Theo Epstein doesn't sense a shortstop controversy brewing in the final weeks of the Cubs season.

With Addison Russell on the cusp of returning, Epstein essentially shot down any talk of Russell moving to second base and keeping Javy Baez at short.

"Thought? Maybe. Formal discussions? Not really," Epstein said before Friday's 8-2 win over the Cardinals at Wrigley Field. "I think it's pretty well established with the body of work with this team — we're a good defensive unit when Addy's at short and Javy's at second.

"I don't think you can go wrong with how you throw those guys out there. But that's how we've been and that's probably how we'll be for the rest of this season."

Russell hasn't played since Aug. 2 with a foot injury and in his stead, Baez has emerged as a force for the Cubs both offensively and defensively. In those 39 games, Baez has hit .298 with an .866 OPS, clubbing eight homers with 26 RBI and 31 runs while playing nearly every inning at shortstop in that time.

But even with all those flashy plays, FanGraphs evaluates Baez's shortstop defense as -2 Defensive Runs Saved, while Russell is at +15 DRS on the year. By that one metric, Russell is the second-best shortstop in baseball, behind only Los Angeles Angels' Andrelton Simmons (+27 DRS).


Russell said his return against the Cardinals this weekend would be "ideal" but the Cubs aren't getting caught up with that timeline, knowing the young infielder needs to get through his Saturday workout without issue.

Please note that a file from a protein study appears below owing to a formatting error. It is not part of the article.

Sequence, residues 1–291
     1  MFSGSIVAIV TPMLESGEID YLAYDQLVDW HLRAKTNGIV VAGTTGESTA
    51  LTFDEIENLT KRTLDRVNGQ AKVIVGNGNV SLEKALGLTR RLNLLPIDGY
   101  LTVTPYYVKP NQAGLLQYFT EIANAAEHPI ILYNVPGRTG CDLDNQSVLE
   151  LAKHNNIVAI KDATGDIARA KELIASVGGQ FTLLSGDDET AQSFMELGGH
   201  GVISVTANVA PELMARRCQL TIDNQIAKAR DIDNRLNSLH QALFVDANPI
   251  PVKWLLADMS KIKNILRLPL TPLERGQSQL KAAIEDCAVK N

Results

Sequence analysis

And once Russell does return, the Cubs won't push him to the limits or let him play every inning of every game immediately. Joe Maddon confirmed Friday morning they'll work Russell in slowly as they have with dynamic catcher Willson Contreras.

So even if Russell immediately slots in at shortsto once he's back, Baez still figures to move over to the most demanding position on the infield on at least a part-time basis.

"Addy's availability is something we'll have to monitor," Epstein said. "Unfortunately this time of year, there's no place for a rehab assignment. We're gonna evaluate him tomorrow a little bit, decide how much he can play and if he'll be able to play nine [innings] right away as well. 

"We're gonna be mixing and matching no matter what."

Russell knows he needs reps and he's been taking swings in the batting cage and on the field while also taking grounders and running "pain-free," Maddon said.

If Russell returns late in the Cardinals series or early next week, that only leaves him with somewhere in the neighborhood of 12-13 games left in the season to gear up for the playoffs.

Not to mention the importance of those games, with eight remaining after this weekend against the Cardinals and Milwaukee Brewers.

"My confidence will build the more at-bats I get, obviously," Russell said. "But yeah, it's all about seeing as many pitches as I can, hopefully, before I get into a game. And then just take everything in that first game and build off that."

Assuming the Cubs do make the playoffs, would there be a question on if Russell would be active for the postseason with so little time to find a groove?

"No," Epstein said flatly. "If he's available, he would not be a tough call on a playoff roster.

"Just to clarify — if he's available, he's on the playoff roster."